Feb 8, 2020

Most Patients With Cancer With Autoimmune Diseases Can Safely Receive Immunotherapy

By Ed Susman

ORLANDO, Fla -- February 8, 2020 -- Although patients with advanced cancer with a history of autoimmune diseases are often excluded from immunotherapy clinical trials, many can safely take immune checkpoint inhibitors, according to a study presented here at the 2020 Clinical Immuno-Oncology Symposium.

In a retrospective study of 39 patients diagnosed with stage IV cancer who also had a history of autoimmune disease, 8 experienced a flare of their autoimmune disease and 9 experienced immunotherapy-related adverse events while under treatment, reported Karine Tawagi, MD, Ochsner Clinic, New Orleans, Louisiana.

“Patients with a history of autoimmune disorders were generally excluded from immune checkpoint inhibitor trials due to concerns that these individuals might be at great risk for developing serious immune-mediated adverse events or worsening of their pre-existing autoimmune disorders,” said Dr. Tawagi. “But oftentimes, treatment with checkpoint inhibitors is the best choice of treatment for these patients and can result in fewer toxicities than traditional chemotherapies. So, at the physician’s discretion, some of these patients are treated with immunotherapy.”

In the retrospective study, 44% of the 39 patients who were treated with the checkpoint inhibitors had active autoimmune disease at the time they began treatment for lung cancer (n = 21) genitourinary cancers (n = 8), melanoma (n = 4), or other cancers (n = 6).

Interestingly, patients who had flares or had immune-mediated adverse events had a higher response rate to immunotherapy. About 43% of the patients with a flare or adverse event achieved an objective response compared with 12% of the patients who did not experience a flare (P = .0475). The flare-up may be an indication that the treatment was, in fact, having an impact on the disease.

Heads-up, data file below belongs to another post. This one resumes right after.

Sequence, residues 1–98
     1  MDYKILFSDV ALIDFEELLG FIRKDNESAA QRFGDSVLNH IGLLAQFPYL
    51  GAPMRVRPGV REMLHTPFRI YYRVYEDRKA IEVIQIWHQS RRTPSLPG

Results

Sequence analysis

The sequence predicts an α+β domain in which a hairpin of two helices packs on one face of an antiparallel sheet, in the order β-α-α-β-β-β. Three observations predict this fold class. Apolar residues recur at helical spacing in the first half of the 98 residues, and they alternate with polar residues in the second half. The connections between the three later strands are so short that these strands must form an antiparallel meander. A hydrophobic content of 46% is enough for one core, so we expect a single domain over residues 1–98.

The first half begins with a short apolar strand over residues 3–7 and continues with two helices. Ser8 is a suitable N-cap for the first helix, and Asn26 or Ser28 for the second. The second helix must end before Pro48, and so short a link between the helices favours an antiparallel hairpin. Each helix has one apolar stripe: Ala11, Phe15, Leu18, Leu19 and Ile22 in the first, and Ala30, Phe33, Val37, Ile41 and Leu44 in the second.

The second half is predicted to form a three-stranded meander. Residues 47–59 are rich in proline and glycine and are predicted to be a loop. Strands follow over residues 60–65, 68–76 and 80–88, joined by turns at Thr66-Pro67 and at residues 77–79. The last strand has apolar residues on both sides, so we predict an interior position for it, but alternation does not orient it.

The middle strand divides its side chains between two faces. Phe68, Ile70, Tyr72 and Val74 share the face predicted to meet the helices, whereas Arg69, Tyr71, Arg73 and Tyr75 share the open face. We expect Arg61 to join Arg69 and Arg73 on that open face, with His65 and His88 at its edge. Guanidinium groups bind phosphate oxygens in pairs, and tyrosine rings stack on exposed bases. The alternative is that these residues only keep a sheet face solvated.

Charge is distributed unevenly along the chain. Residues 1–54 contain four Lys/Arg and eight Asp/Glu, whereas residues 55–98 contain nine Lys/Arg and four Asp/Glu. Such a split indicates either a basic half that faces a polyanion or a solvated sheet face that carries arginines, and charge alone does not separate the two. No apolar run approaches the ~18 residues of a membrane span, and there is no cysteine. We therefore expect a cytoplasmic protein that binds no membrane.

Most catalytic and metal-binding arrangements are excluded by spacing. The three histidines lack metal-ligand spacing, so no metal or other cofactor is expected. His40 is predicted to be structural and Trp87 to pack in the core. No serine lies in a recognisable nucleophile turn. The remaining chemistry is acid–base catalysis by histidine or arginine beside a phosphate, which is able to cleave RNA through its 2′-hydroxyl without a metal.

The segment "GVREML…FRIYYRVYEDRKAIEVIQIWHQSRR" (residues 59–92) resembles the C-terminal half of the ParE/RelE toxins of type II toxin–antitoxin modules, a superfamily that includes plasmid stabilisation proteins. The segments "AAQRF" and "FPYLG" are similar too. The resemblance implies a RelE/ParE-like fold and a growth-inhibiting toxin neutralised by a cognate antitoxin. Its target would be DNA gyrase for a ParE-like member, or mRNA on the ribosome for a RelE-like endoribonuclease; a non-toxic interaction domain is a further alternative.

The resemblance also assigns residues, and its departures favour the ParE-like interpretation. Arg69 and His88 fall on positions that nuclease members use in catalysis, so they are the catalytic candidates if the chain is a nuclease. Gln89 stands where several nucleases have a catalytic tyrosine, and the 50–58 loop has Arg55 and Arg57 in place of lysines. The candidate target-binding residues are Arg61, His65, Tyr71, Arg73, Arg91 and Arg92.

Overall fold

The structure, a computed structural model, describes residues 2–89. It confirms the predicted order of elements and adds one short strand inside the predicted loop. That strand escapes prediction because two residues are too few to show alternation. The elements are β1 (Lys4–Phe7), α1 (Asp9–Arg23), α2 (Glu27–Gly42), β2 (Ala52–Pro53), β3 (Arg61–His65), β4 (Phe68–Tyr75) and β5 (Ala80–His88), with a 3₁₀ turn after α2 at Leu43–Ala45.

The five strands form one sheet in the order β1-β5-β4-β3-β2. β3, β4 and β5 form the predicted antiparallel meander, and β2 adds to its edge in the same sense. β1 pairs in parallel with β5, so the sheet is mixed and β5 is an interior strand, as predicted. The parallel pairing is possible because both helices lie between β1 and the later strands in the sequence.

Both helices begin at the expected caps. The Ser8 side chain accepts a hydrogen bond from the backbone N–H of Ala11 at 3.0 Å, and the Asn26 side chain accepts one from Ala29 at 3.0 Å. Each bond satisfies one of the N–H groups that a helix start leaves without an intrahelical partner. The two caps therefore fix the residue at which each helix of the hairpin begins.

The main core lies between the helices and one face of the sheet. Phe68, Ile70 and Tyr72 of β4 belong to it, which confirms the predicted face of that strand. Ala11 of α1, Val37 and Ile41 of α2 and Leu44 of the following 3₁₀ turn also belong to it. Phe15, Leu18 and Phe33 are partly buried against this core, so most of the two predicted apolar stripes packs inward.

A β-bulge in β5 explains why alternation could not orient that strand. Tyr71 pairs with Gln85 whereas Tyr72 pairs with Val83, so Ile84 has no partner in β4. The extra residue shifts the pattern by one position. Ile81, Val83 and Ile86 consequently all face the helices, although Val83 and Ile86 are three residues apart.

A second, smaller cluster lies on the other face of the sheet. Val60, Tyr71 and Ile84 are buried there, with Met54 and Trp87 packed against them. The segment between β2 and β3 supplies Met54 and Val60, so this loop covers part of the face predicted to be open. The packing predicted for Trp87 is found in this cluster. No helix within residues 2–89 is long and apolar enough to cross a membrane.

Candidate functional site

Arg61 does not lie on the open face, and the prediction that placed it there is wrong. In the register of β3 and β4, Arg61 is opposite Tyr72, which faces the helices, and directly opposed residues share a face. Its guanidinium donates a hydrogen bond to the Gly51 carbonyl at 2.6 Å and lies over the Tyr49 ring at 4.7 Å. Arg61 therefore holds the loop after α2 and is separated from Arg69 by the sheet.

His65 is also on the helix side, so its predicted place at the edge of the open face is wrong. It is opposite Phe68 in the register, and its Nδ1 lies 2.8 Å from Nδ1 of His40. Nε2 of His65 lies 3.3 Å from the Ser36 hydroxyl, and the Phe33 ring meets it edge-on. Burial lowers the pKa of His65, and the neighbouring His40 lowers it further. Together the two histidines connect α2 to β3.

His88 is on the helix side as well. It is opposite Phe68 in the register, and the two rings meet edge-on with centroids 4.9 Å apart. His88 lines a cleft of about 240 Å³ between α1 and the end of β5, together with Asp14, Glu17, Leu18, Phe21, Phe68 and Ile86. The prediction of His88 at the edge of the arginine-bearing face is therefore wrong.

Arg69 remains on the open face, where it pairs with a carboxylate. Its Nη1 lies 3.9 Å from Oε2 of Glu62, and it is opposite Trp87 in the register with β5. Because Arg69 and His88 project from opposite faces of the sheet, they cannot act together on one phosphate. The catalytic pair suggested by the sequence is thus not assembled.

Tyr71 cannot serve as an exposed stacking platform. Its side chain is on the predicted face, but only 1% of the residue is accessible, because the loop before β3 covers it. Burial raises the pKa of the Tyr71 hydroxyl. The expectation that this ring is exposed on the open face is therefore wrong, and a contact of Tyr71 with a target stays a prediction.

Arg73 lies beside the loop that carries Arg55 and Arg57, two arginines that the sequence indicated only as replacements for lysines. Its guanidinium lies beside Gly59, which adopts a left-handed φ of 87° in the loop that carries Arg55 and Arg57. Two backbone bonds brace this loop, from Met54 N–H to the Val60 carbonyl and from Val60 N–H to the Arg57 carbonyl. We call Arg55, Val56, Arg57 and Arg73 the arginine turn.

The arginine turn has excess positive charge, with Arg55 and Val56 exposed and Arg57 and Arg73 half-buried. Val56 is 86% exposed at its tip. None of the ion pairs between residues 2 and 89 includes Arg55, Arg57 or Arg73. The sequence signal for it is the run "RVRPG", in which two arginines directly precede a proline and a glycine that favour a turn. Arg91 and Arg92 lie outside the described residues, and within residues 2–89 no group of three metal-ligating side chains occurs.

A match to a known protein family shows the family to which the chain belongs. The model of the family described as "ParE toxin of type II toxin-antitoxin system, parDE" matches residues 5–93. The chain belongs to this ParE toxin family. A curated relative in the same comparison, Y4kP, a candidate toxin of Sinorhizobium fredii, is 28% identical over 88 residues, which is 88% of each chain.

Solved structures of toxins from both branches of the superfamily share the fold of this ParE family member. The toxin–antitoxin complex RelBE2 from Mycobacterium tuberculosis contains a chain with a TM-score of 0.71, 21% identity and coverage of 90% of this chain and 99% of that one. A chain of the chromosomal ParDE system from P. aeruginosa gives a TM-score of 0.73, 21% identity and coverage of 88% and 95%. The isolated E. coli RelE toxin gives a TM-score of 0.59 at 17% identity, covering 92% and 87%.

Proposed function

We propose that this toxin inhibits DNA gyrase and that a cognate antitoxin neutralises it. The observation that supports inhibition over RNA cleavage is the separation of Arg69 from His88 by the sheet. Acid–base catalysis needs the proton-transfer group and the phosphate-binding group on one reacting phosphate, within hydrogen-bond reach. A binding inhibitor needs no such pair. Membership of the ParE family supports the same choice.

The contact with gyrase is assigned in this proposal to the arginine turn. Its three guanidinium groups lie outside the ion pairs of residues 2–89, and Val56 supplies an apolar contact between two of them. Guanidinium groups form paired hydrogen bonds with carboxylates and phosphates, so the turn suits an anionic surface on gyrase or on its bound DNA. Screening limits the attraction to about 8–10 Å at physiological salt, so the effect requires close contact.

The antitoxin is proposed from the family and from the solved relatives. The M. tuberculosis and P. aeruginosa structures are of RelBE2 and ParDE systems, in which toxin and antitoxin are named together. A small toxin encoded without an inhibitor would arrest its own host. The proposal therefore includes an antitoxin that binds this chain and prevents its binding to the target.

“There seems to be a potential increase in the odds of response among patients presenting flare,” said Dr. Tawagi. “However, the confidence interval is wide. Corroboration at other centres is needed and larger sample size may help clarify this potential association.”

Among the patients who had a flare-up, 5 had pre-existing rheumatoid arthritis, 2 had inflammatory bowel disease, and 1 patient had psoriasis. The immune-mediated adverse events included 3 cases of pneumonitis, 2 dermatitis cases, and 1e case each of thyroiditis, pancreatitis, colitis, and alopecia.

“Patients with autoimmune disorders should be considered for immune checkpoint inhibitor therapy if this is the best course of treatment recommended,” said Dr. Tawagi. “The toxicities, if they occur, are generally manageable and can be treated if they do occur.”

The 2020 Clinical Immuno-Oncology Symposium is co-sponsored by the American Society of Clinical Oncology (ASCO) and the Society for Immunotherapy of Cancer (SITC).

[Presentation title: Immune Checkpoint Inhibitor Use in Cancer Patients With a Pre-Existing History of Autoimmune Disorders. Abstract 100]

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